Characterized by eruption.
Abbreviation for expiratory reserve volume.
A specific, acute, superficial cutaneous cellulitis caused by β-hemolytic streptococci and characterized by hot, red, edematous, brawny, and sharply defined eruptions; usually accompanied by severe constitutional symptoms. [G., fr. erythros, red + pella, skin] ambulant e. SYN: e. migrans. e. internum an erysipelatous eruption in the vagina, uterus, and peritoneum, occurring in the puerperium. e. migrans a widely spreading form involving the entire face or body surface. SYN: ambulant e., wandering e.. e. perstans faciei chronic, dusky red eruption of e. on the face. phlegmonous e. a form marked by invasion of the subcutaneous tissues, with the formation of deep-seated abscesses. e. pustulosum development of pustules over the area of e.. surgical e. e. caused by infection of the wound following a surgical procedure. swine e. a destructive disease of swine, occurring in both acute and chronic forms, caused by Erysipelothrix rhusiopathiae. wandering e. SYN: e. migrans.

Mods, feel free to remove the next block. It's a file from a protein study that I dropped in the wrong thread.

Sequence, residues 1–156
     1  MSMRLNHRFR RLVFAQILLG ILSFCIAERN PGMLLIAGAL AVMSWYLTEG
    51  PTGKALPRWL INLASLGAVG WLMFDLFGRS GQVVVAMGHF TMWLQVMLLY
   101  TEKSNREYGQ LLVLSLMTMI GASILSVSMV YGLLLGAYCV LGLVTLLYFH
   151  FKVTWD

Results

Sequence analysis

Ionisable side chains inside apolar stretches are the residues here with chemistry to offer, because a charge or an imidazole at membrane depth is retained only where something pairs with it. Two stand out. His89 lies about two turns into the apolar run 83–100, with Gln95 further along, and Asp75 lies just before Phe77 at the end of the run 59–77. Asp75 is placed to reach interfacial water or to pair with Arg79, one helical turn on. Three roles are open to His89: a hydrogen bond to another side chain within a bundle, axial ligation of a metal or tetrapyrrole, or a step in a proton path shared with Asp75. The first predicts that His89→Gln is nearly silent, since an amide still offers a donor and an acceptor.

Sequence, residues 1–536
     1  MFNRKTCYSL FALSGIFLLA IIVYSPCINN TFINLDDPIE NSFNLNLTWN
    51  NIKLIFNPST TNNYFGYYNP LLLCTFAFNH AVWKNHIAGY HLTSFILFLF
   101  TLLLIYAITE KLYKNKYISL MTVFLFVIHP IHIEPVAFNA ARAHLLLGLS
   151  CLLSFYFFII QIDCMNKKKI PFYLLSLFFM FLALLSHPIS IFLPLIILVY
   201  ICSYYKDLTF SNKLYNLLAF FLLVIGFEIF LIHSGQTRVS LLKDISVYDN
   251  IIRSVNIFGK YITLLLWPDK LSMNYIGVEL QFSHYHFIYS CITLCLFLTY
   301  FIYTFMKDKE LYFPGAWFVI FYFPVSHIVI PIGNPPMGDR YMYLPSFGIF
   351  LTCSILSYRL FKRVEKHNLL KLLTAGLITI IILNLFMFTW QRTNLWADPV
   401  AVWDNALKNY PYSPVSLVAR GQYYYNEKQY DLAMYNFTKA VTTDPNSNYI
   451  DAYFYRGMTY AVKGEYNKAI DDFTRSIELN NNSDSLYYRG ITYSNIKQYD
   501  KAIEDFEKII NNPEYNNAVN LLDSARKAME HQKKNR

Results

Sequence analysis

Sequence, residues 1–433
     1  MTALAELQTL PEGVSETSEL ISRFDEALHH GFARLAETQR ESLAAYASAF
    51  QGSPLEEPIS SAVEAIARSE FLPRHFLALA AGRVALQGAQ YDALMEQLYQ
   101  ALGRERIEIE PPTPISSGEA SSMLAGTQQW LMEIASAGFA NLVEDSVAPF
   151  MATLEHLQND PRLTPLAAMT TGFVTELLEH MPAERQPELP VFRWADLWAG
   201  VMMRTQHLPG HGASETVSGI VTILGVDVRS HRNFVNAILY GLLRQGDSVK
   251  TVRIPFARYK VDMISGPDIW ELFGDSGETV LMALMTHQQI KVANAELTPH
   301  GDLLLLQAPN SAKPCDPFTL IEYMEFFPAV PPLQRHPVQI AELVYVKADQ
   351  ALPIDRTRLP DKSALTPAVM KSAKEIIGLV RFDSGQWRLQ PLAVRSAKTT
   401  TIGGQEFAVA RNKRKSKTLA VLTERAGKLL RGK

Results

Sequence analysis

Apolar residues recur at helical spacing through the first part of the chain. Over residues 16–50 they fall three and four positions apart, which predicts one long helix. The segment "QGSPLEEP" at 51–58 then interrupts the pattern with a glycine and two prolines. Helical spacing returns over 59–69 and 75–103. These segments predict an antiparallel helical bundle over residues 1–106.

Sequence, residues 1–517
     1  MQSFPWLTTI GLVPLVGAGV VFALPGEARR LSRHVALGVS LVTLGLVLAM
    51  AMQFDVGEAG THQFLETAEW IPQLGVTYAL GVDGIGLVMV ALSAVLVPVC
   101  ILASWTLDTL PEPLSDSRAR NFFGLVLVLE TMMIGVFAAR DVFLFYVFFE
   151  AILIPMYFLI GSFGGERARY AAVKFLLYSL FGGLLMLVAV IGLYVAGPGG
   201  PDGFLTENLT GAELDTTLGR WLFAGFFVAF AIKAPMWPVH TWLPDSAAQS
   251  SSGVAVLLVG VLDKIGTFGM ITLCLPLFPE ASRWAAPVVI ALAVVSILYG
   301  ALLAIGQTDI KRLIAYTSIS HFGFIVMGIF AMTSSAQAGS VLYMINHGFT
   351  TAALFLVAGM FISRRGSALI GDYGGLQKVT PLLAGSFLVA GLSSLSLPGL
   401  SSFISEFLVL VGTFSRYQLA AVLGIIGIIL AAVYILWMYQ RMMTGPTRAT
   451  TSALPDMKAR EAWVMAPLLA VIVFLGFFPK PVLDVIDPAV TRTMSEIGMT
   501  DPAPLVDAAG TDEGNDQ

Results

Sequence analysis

A specific, usually self-limiting, cellulitis of the hand caused by Erysipelothrix rhusiopathiae; appears as a dusky erythema with diamondlike configuration of the skin at the site of a wound sustained in handling fish or meat and may become generalized, with plaques of erythema and bullae, and occasionally, severe toxemia. SYN: blubber finger, crab hand, pseudoerysipelas, seal fingers, whale fingers. [G. erysipelas + eidos, resemblance]
Erysipelothrix (ar-i-sip′e-lo-thriks, -si-pel′o-thriks)
A genus of bacteria (family Corynebacteriaceae) containing nonmotile, Gram-positive, rod-shaped organisms that have a tendency to form long filaments; older cells tend to become Gram-negative. They produce acid but no gas from glucose. They are facultatively anaerobic and catalase-negative. Members of this genus infect mammals, birds, and fish. The type species is E. rhusiopathiae. [erysipelas + G. thrix, hair] E. insidiosa SYN: E. rhusiopathiae. E. rhusiopathiae a species that causes swine erysipelas, human erysipeloid, nonsuppurative polyarthritis in lambs, and septicemia in mice, and commonly infects fish handlers; it is the type species of the genus E.. SYN: E. insidiosa.